How Supreme Court Ruling On Immigration Affects Social Security and Medicare
The U.S. Supreme Court’s recent ruling on immigration has significant consequences for Social Security and Medicare. Changes in immigration policy can affect the revenues received by the programs and the number of people claiming benefits in the future. The U.S. Supreme Court dealt a blow to President Obama’s plan to grant “deferred action,” which would have conferred “lawful presence” and associated benefits to an estimated 5 million illegal immigrants.
The Supreme Court’s justices split 4 to 4, leaving in place a lower court’s ruling that Obama had exceeded his powers. That essentially blocked Obama from launching his new program prior to the end of his term in office. Obama’s immigration plan would have provided illegal immigrants with temporary work authorization and controversial access to long-term benefits like Social Security and Medicare without approval from Congress.
That access to benefits is particularly controversial among older voters, according to surveys by TSCL. A key unresolved issue is whether undocumented immigrants, who illegally worked using invalid or fake Social Security numbers, would be able to claim credits towards benefits for those earnings. Work authorization, or “green cards,” not citizenship, is the key requirement for noncitizens to become entitled to Social Security benefits and Medicare when other program qualifications are met.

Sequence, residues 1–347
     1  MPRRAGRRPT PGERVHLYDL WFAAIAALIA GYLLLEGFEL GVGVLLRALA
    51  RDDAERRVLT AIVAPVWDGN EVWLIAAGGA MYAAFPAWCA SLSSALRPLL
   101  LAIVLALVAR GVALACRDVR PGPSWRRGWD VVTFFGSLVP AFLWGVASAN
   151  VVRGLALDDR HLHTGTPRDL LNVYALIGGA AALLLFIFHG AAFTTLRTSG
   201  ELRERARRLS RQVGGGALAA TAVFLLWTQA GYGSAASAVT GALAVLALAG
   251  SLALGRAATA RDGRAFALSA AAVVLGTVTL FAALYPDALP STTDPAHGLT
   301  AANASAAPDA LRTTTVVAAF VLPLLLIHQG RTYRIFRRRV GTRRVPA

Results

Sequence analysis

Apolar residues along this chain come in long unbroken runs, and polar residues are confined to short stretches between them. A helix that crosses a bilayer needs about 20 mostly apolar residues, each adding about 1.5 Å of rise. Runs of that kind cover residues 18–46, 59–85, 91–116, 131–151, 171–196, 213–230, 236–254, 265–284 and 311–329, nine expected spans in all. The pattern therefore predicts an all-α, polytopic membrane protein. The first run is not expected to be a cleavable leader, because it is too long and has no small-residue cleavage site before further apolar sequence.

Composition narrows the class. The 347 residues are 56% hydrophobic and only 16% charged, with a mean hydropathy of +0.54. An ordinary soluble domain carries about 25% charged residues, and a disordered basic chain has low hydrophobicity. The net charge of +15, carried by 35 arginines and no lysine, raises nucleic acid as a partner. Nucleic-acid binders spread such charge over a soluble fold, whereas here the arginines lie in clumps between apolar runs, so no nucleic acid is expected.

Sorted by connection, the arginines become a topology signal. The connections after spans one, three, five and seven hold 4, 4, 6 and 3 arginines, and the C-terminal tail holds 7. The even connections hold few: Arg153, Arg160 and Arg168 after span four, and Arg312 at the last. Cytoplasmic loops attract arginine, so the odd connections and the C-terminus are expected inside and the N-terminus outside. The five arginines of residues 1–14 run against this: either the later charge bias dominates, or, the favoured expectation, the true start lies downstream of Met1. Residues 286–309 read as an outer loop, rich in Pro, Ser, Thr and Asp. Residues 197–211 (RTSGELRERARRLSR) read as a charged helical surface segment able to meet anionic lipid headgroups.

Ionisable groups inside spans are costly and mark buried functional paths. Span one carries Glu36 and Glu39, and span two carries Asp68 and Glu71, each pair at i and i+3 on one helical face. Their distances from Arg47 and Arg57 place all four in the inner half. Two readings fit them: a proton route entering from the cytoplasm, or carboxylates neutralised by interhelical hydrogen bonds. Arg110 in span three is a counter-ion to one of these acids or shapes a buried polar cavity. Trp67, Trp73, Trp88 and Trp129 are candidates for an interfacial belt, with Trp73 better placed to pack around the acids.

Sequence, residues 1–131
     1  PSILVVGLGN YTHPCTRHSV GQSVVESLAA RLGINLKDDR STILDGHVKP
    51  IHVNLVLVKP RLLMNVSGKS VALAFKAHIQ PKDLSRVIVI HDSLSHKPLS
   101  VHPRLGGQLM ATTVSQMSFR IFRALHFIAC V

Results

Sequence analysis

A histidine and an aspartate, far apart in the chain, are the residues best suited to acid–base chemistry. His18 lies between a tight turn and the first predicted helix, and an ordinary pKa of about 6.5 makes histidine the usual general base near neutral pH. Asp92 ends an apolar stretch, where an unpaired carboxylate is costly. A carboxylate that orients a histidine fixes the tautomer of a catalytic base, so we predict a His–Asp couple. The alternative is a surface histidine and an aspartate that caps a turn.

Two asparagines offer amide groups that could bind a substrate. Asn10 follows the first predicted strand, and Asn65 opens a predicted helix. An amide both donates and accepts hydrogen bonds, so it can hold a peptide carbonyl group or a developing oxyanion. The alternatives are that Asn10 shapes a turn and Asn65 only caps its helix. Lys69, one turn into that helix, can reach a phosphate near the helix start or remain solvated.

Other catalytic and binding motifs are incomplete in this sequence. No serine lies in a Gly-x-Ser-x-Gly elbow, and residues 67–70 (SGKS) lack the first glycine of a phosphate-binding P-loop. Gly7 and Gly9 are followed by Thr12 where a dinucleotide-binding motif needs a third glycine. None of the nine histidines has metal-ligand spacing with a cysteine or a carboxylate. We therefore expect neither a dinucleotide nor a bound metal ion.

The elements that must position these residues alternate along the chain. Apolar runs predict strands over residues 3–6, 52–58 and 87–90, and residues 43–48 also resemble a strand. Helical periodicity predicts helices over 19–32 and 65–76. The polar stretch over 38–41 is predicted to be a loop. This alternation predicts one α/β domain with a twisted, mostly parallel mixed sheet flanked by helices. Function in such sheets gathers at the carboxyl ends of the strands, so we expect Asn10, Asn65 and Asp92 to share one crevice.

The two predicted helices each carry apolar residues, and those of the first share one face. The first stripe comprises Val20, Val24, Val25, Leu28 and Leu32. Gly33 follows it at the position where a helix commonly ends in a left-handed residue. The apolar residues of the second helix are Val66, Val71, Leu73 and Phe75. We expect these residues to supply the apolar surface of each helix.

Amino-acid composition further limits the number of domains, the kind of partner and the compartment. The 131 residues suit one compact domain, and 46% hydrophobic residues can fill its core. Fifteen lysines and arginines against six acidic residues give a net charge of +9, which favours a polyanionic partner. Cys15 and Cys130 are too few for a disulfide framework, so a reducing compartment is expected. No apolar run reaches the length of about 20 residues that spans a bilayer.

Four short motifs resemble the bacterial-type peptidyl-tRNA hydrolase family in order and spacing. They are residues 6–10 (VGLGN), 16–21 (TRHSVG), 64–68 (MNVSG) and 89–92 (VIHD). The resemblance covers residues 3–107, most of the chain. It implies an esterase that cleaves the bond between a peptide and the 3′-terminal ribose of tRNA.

According to the Congressional Budget Office, even “limited” immigration changes that provide only permission to work in this country, or temporary work authorization, could potentially add millions of new claims for long-term benefits in the future. Under current law Social Security benefits are based on all earnings, including earnings from jobs worked without authorization under invalid and fraudulent documents.
TSCL’s 2016 Senior Survey conducted from January through May 15, 2016 found that 83% of older voters oppose entitlement to Social Security and Medicare benefits based on earnings from jobs worked without legal authorization. Concern is high that undocumented immigrants who were illegally present and who worked under fake, invalid, or fraudulent Social Security numbers may benefit based on such work, potentially at the expense of others who paid into the system the legal way. TSCL is working for legislation that would strengthen Social Security’s protections by prohibiting the use of such unauthorized earnings from being counted toward eligibility for Social Security benefits.
The Supreme Court’s tie vote means that the important legal questions this case raised remain unanswered for now. The next President and Congress will continue to face the issue of whether people should become entitled to Social Security based on earnings from jobs worked without authorization under fake and invalid Social Security numbers. Let the candidates know how you think on this matter, and VOTE November 8th!